Looking through the posts on the page for the week, it was easy to see that the article from 9 news.com, Suits: More water, less buzz in Bud, Michelob beer is what got most of the attention. You can go ahead and read the article if you want. The gist of the article is that Anheuser-Busch is defending itself from class-action lawsuits which accuse the company of watering down its beers.
I'm gonna assume AB is innocent until proven guilty on this one. Of course, I don't care. This does not affect me one way or the other. Quite frankly, people who are worried that Bud Light is "watered down" probably were not paying attention to begin with. Bud light is a watery beer. That is why most Bud Light "lovers" like the beer.
I am amused that what this comes down to is ...
"The excess water is added just before bottling and cuts the stated alcohol content by 3 percent to 8 percent."According to the article, Budweiser is a 5% ABV beer. Even if the ABV is reduced by .08, the high side of the claim, the "watered down" beer is 4.6% ABV. That is less than 5 hundredths of an ounce in a normal 12oz bottle of beer.
That is less than I would expect a measuring error in my brewery. Granted, as a home-brewer, my method of measuring ABV is not the most sophisticated, but it is more or less the same way most craft brewers measure their ABV.
For example, lets say I brewed a 5% beer. For the purposes of this example, lets pretend my beer is called Khazad-dûm Black Lager. With my handy / dandy hydrometer, lets pretend I measure the Original Gravity of Khazad-dûm to be 1.050. I let the wort ferment out into a beer, and right before kegging or bottling, I take a Final Gravity (FG) reading with my handy/dandy hydrometer and come up with 1.012. I plug these two numbers into a formula and get my ABV to be exactly 5%.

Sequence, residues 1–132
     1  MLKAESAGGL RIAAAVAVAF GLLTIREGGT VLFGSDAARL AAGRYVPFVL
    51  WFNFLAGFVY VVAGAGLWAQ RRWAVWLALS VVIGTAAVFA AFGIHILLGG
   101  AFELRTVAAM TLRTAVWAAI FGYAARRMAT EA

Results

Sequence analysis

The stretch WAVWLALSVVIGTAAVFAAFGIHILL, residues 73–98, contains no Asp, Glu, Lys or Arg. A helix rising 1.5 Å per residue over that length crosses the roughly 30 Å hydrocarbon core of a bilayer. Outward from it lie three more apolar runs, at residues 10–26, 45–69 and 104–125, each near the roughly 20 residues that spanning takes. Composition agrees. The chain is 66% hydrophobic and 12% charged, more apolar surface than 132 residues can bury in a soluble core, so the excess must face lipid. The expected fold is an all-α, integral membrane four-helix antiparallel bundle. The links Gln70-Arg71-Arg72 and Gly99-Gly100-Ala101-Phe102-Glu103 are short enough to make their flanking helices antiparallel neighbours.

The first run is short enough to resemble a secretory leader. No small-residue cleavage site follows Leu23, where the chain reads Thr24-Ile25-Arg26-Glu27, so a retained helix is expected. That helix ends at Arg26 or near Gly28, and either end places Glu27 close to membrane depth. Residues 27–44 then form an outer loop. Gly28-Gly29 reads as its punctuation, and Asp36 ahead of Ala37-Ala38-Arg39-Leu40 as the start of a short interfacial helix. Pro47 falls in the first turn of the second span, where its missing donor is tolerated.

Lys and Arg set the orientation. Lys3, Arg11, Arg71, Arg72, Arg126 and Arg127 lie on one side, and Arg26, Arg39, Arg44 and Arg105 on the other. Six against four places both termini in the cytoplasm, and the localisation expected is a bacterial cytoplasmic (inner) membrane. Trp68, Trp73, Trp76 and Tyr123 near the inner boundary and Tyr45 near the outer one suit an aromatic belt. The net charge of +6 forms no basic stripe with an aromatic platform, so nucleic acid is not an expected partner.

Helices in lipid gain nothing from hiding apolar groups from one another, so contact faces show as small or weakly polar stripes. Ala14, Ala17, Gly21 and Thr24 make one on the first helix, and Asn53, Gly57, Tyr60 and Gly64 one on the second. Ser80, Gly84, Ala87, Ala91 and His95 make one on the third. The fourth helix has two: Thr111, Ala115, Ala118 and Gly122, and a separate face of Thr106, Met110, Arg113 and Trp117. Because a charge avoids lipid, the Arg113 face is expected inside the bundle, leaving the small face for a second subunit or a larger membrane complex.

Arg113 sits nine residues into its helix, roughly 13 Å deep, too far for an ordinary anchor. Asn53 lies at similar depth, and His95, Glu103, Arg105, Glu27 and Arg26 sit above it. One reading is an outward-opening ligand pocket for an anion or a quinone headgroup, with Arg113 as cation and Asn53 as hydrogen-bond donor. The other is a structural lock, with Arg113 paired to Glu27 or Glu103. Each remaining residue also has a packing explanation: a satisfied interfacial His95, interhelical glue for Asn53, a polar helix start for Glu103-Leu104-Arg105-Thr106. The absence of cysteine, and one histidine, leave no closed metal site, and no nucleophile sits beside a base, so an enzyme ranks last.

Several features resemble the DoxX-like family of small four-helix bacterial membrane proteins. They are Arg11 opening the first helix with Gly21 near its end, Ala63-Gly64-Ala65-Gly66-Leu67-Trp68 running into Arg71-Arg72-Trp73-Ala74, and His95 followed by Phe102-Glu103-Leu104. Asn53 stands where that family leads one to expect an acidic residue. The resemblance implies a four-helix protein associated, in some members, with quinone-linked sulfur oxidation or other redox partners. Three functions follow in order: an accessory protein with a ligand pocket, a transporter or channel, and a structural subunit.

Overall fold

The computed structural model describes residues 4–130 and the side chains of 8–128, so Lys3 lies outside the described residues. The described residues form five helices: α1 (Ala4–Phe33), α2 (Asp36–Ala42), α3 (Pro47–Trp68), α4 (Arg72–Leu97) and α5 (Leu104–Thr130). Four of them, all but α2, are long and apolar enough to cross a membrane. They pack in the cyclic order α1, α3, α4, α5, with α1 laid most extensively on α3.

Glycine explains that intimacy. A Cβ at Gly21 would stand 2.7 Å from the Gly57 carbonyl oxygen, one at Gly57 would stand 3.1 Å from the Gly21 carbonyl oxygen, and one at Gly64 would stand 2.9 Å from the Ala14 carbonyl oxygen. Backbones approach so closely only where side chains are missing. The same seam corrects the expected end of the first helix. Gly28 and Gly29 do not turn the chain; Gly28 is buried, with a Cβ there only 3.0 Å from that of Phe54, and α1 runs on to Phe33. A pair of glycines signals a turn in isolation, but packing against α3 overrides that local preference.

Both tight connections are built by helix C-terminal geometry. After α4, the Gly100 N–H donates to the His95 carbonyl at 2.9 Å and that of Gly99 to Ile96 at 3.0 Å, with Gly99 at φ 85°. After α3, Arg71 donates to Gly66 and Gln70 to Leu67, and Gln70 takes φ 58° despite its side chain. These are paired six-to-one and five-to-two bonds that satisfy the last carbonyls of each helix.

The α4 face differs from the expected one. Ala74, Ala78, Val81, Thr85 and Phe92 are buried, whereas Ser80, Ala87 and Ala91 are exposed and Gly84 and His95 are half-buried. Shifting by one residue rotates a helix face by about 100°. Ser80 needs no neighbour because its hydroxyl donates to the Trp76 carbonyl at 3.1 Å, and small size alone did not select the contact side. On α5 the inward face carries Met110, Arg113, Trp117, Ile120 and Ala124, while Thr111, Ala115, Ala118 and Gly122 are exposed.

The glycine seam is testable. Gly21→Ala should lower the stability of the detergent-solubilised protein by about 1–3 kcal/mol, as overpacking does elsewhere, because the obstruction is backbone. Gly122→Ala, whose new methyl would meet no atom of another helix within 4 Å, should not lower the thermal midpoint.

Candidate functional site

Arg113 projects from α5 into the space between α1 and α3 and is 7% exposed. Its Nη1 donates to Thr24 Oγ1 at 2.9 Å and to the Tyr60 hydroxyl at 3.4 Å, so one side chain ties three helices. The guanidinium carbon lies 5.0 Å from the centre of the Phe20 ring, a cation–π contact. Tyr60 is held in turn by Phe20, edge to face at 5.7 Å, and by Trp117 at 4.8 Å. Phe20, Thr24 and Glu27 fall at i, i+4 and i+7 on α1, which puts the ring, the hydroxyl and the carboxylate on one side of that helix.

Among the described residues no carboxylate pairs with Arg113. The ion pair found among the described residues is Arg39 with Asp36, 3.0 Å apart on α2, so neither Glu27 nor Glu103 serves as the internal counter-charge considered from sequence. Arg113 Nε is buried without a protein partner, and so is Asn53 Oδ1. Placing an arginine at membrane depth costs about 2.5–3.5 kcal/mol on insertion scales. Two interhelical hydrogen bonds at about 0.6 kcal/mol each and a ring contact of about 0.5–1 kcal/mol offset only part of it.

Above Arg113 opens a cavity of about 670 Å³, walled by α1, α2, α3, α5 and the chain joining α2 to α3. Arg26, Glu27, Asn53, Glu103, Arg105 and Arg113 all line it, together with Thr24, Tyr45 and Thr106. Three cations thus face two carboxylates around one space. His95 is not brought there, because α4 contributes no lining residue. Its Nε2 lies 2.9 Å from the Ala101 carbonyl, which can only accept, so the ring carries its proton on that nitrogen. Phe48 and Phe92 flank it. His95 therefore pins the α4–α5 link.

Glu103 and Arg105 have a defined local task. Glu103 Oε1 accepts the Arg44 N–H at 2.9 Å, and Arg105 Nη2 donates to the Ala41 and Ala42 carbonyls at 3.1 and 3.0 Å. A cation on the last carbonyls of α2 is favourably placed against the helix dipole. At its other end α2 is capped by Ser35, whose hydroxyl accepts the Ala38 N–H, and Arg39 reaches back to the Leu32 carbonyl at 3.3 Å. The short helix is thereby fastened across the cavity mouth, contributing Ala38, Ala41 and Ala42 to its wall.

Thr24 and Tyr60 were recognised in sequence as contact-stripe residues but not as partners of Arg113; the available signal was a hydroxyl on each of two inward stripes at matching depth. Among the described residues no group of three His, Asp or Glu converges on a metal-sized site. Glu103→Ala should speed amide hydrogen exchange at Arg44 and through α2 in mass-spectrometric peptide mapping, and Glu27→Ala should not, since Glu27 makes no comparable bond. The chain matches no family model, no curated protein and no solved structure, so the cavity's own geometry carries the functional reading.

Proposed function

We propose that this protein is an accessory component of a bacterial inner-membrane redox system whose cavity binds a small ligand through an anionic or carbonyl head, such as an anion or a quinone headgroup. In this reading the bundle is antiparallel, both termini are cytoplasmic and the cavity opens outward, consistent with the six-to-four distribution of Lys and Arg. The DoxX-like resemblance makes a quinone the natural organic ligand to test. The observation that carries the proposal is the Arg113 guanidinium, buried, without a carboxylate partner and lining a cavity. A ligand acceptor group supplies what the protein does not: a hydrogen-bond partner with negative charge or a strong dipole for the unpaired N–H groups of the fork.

But, if I travel back in time, and look at my hydrometer again, I think I could make a case that the wort was actually 1.052 OG. Since the precision of the lines on the hydrometer are .002, I think it is reasonable to read the instrument .002 higher. And lets say at the time I take the FG, I think it is actually 1.010 rather than 1.012. All of a sudden, Khazad-dûm is a 5.5ABV beer.
If I read .002 low on brew day and .002 high on kegging day, I could easily see coming up with a 4.5% Khazad-dûm Black Lager.
I try to be consistent in how I read the hydrometer, so chances are good that I always read high or always read low, so my actual range of the Alcohol measurement error is most likely much tighter than that. And granted, professional brewers (especially those who work at Goliath-sized AB / InBev) have more sophisticated measuring devices. Still, though, I don't consider the difference in a 5% and 4.6% ABV Budweiser all that significant. Heck, on their typical 12-pack Friday night, these Bud drinkers are going to spill more alcohol than they think is being diluted from this alleged "watering down".
To be honest, I think that if the complaint is about ABV (alcohol by volume), the plaintiffs are completely missing the point. To say you were "cheated" out of .4% ABV is dumb. Personally, I would be much more upset about the reduction in beer flavor.
Of course, if the typical Bud drinker was concerned with flavor, they would not be drinking a BMC beer to begin with. I have a quote that I put on some of my beer bottles that says, "People who drink light 'beer' don't like the taste of beer; they just like to pee alot." I do think that is true.
Just for the record, I do not believe the accusations in this class-action lawsuit at all. I don't like most of their products, but I do think that when they say they are making a 5% beer, they are actually making a 5% beer. In fact, I've said before and truly believe that the big BMC brewers do a great job at making exactly the beer they want to make over and over again.
Anyway ... if nothing else, my SheppyBrew Brewery Facebook page got a little bit of attention thanks to this. That is cool.